My school has a diverse student body, with nearly half of the students in the Upper School coming from families of color.  This comfort with diversity is a tradition at the school and I suspect it informed a decision to enroll a small population of international students three years ago.  Though we also have students from other nations, most of our current international students come from China.

The introduction of foreign students into my American Government and U.S. History courses has added a rich layer of diversity to class discussions.  From matters as simple as explaining why the northeastern states are known as New England (not to mention helping a student to locate said "New England" on a traditional map!) to matters as complex as explaining individual libraries and political freedoms to students from a nation which recognizes neither of those ideas as essential to the human experience, my own teaching has been happily altered by the presence of these students in my classroom.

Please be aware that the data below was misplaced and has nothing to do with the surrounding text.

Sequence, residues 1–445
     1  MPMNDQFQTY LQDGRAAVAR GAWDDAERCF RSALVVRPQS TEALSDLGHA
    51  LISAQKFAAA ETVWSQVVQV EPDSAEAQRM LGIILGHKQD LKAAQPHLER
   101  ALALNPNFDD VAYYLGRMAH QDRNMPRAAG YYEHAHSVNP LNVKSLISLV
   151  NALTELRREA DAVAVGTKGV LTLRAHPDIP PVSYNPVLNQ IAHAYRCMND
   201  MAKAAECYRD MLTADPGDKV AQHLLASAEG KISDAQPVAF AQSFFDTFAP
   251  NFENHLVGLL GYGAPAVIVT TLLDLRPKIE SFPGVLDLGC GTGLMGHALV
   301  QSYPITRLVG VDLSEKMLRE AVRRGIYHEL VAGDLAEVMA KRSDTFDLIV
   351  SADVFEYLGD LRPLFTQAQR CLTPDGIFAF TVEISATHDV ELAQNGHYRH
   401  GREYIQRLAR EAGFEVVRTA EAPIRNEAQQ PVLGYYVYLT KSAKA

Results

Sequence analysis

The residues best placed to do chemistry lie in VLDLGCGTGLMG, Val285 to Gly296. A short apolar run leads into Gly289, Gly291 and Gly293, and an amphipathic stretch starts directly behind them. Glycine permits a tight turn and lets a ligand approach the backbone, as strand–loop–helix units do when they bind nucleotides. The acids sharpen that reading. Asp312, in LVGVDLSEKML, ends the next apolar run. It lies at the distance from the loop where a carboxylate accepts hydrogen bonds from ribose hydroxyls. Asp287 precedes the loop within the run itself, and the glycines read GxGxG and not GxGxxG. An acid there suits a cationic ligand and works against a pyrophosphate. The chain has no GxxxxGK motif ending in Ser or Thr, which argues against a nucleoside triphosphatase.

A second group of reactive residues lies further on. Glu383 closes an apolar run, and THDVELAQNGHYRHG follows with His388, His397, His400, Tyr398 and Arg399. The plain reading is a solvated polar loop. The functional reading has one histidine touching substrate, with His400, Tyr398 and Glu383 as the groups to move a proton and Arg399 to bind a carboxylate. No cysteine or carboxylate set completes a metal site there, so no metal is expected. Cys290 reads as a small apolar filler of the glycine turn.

Last year, I made the decision to encourage two of the international students to participate in the Model Congress team that I coach.  I settled on two because it's a steeper climb to prepare non-native students for a Model Congress.  First, students with evolving English language skills must practice their English for a political debate environment, one that moves quickly and requires a new level of communication skills.  And then they have to be taught about the American political system and how the Congress works.  They have to understand the idea of an elected, representative body seeking to make laws for the nation while being accountable to the people.  They have to understand the constraints of political action when a Constitution effectively protects individual rights.  These notions can sometimes be difficult for American students to fully comprehend.  They are even more challenging for students who come from a nation where ideas such as freedom and participatory democracy have some very distinct boundaries.